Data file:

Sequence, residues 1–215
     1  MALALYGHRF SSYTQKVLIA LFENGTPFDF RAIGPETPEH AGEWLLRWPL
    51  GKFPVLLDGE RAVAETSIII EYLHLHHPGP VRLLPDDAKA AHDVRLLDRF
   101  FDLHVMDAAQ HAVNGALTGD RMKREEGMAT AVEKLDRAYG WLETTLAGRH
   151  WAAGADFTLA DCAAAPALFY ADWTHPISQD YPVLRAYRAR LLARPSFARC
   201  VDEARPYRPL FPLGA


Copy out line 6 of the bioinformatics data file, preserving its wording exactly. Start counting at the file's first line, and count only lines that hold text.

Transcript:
   201  VDEARPYRPL FPLGA